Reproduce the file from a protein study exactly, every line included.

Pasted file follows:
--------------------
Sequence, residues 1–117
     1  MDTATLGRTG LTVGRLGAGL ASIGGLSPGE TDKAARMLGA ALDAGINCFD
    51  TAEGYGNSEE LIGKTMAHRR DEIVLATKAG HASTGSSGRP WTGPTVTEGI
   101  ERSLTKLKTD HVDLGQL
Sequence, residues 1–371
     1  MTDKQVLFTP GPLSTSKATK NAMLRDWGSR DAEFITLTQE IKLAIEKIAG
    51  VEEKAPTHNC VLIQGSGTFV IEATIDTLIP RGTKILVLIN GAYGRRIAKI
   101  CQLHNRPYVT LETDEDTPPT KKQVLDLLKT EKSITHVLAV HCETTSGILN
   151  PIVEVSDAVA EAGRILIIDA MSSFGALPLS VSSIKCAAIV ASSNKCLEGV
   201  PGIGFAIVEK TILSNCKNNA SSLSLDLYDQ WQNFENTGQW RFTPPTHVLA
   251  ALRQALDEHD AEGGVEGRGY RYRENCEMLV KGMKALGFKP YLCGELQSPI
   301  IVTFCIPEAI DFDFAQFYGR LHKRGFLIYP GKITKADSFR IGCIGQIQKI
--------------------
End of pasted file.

Sequence, residues 1–117
     1  MDTATLGRTG LTVGRLGAGL ASIGGLSPGE TDKAARMLGA ALDAGINCFD
    51  TAEGYGNSEE LIGKTMAHRR DEIVLATKAG HASTGSSGRP WTGPTVTEGI
   101  ERSLTKLKTD HVDLGQL
Sequence, residues 1–371
     1  MTDKQVLFTP GPLSTSKATK NAMLRDWGSR DAEFITLTQE IKLAIEKIAG
    51  VEEKAPTHNC VLIQGSGTFV IEATIDTLIP RGTKILVLIN GAYGRRIAKI
   101  CQLHNRPYVT LETDEDTPPT KKQVLDLLKT EKSITHVLAV HCETTSGILN
   151  PIVEVSDAVA EAGRILIIDA MSSFGALPLS VSSIKCAAIV ASSNKCLEGV
   201  PGIGFAIVEK TILSNCKNNA SSLSLDLYDQ WQNFENTGQW RFTPPTHVLA
   251  ALRQALDEHD AEGGVEGRGY RYRENCEMLV KGMKALGFKP YLCGELQSPI
   301  IVTFCIPEAI DFDFAQFYGR LHKRGFLIYP GKITKADSFR IGCIGQIQKI